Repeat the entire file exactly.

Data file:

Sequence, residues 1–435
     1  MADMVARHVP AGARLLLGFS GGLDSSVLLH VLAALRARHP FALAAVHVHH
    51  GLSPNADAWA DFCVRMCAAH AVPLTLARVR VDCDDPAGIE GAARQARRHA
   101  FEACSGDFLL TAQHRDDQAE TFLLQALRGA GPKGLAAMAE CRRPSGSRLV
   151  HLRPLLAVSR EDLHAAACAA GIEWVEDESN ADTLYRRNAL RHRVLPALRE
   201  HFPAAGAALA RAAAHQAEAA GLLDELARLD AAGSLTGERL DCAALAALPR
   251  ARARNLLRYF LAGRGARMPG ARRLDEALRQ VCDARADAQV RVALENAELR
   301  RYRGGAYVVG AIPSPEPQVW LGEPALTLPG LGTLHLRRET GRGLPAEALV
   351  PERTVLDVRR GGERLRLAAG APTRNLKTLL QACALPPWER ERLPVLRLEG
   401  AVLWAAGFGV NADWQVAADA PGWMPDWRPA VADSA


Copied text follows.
Sequence, residues 1–435
     1  MADMVARHVP AGARLLLGFS GGLDSSVLLH VLAALRARHP FALAAVHVHH
    51  GLSPNADAWA DFCVRMCAAH AVPLTLARVR VDCDDPAGIE GAARQARRHA
   101  FEACSGDFLL TAQHRDDQAE TFLLQALRGA GPKGLAAMAE CRRPSGSRLV
   151  HLRPLLAVSR EDLHAAACAA GIEWVEDESN ADTLYRRNAL RHRVLPALRE
   201  HFPAAGAALA RAAAHQAEAA GLLDELARLD AAGSLTGERL DCAALAALPR
   251  ARARNLLRYF LAGRGARMPG ARRLDEALRQ VCDARADAQV RVALENAELR
   301  RYRGGAYVVG AIPSPEPQVW LGEPALTLPG LGTLHLRRET GRGLPAEALV
   351  PERTVLDVRR GGERLRLAAG APTRNLKTLL QACALPPWER ERLPVLRLEG
   401  AVLWAAGFGV NADWQVAADA PGWMPDWRPA VADSA